Last modified on 21 October 2014, at 19:36

EnglishEdit

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Wikipedia

PronunciationEdit

Etymology 1Edit

From Middle French coillir (to gather, pluck, pick, cull) (French: cueillir), from Latin colligo (to gather together), past participle collectus, from com- (together) + lego (to gather); compare legend.

Helical or coil springs

NounEdit

coil (plural coils)

  1. Something wound in the form of a helix or spiral.
    the sinuous coils of a snake
    • Washington Irving
      The wild grapevines that twisted their coils from tree to tree.
  2. Any intra-uterine contraceptive device (Abbreviation: IUD)—the first IUDs were coil-shaped.
  3. (electrical) A coil of electrically conductive wire through which electricity can flow.
  4. (figuratively) Entanglement; perplexity.
SynonymsEdit
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VerbEdit

coil (third-person singular simple present coils, present participle coiling, simple past and past participle coiled)

  1. To wind or reel e.g. a wire or rope into regular rings, often around a centerpiece.
    A simple transformer can be made by coiling two pieces of insulated copper wire around an iron heart.
  2. To wind into loops (roughly) around a common center.
    The sailor coiled the free end of the hawser on the pier.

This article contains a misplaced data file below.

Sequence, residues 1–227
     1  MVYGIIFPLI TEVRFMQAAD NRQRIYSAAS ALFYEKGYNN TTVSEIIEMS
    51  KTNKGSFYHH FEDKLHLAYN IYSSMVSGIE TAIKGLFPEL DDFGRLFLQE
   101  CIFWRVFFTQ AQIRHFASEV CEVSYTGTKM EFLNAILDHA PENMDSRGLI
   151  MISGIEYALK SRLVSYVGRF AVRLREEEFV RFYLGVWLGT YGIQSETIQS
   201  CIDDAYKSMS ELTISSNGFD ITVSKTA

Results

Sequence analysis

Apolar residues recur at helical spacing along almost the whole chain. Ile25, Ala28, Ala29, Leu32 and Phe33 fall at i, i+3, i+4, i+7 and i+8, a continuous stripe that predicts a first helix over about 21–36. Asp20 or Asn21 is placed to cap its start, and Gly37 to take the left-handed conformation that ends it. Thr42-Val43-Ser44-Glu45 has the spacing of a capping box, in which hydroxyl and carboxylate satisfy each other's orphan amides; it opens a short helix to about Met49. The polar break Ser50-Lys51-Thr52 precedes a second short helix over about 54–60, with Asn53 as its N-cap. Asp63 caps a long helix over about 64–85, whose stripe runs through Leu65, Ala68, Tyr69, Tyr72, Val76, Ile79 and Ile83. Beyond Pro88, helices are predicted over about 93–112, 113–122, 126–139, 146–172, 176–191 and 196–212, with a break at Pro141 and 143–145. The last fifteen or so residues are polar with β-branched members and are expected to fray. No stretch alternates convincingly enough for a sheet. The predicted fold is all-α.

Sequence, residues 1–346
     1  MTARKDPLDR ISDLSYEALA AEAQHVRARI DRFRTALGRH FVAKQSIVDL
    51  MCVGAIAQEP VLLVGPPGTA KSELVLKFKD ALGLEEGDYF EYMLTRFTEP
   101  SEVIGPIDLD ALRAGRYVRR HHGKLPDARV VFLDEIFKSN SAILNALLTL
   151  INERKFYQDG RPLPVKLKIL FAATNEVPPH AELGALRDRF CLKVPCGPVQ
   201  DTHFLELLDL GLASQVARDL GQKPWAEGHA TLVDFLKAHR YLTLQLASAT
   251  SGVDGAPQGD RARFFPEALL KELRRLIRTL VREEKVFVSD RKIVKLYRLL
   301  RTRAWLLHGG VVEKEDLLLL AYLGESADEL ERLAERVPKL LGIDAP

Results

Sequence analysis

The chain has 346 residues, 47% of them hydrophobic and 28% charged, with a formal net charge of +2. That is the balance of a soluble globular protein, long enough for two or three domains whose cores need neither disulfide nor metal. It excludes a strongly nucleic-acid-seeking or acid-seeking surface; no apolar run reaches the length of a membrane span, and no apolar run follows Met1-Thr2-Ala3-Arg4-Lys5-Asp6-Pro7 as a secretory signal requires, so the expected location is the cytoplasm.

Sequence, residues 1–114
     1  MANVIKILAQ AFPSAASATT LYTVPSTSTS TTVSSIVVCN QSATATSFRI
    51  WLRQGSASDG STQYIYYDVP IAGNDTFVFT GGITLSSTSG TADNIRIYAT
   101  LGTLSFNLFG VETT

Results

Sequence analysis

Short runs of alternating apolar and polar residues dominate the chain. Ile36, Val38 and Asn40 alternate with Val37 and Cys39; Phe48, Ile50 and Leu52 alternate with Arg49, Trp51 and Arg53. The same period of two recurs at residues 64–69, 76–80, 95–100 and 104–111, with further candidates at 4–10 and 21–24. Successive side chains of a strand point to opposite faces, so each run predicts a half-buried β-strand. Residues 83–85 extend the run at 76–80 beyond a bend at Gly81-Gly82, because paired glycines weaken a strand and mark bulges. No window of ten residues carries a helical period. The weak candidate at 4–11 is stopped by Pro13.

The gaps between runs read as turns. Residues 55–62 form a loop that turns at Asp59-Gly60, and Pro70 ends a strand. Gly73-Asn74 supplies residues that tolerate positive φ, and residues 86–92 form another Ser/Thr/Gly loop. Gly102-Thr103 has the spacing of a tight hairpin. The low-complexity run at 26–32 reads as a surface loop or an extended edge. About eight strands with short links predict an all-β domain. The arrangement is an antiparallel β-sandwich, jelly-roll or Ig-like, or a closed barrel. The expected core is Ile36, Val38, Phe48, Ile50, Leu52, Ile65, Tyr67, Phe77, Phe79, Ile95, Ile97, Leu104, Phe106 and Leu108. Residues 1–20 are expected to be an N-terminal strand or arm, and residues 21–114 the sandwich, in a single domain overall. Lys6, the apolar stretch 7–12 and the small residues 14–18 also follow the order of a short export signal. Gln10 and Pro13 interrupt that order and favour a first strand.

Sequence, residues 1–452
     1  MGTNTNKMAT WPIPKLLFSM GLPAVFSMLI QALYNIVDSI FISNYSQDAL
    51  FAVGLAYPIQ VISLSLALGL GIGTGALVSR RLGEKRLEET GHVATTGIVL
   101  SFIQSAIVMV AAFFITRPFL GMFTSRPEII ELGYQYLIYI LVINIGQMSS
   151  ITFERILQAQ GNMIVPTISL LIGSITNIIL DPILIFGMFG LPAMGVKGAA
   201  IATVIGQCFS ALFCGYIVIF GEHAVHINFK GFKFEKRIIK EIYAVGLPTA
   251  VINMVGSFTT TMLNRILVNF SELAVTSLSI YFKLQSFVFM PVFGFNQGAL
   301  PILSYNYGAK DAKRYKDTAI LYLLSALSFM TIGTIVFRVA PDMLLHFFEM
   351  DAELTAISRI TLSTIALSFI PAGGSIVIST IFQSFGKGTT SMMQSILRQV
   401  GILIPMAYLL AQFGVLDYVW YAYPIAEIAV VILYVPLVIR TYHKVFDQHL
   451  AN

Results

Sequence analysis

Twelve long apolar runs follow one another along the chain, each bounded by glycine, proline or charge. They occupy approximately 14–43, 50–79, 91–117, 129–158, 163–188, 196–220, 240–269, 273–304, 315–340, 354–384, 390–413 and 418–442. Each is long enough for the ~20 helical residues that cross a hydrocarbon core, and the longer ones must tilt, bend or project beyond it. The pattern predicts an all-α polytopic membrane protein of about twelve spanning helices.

3. To wind cylindrically or spirally.
    to coil a rope when not in use
    The snake coiled itself before springing.
  4. (obsolete, rare) To encircle and hold with, or as if with, coils.
    (Can we find and add a quotation of T. Edwards to this entry?)
TranslationsEdit

Etymology 2Edit

Origin unknown.

NounEdit

coil (plural coils)

  1. (now obsolete except in phrases) A noise, tumult, bustle, or turmoil.
    • 1594, William Shakespeare, Titus Andronicus, Act III:
      If the windes rage, doth not the Sea wax mad, / Threatning the welkin with his big-swolne face? / And wilt thou haue a reason for this coile?
    • 1624, John Smith, Generall Historie, in Kupperman 1988, p. 162:
      this great Savage desired also to see him. A great coyle there was to set him forward.
    • 1704, Jonathan Swift, A Tale of a Tub:
      they continued so extremely fond of gold, that if Peter sent them abroad, though it were only upon a compliment, they would roar, and spit, and belch, and piss, and f—t, and snivel out fire, and keep a perpetual coil, till you flung them a bit of gold [...].
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IrishEdit

PronunciationEdit

NounEdit

coil m

  1. genitive singular of col

MutationEdit

Irish mutation
Radical Lenition Eclipsis
coil choil gcoil
Note: Some of these forms may be hypothetical. Not every
possible mutated form of every word actually occurs.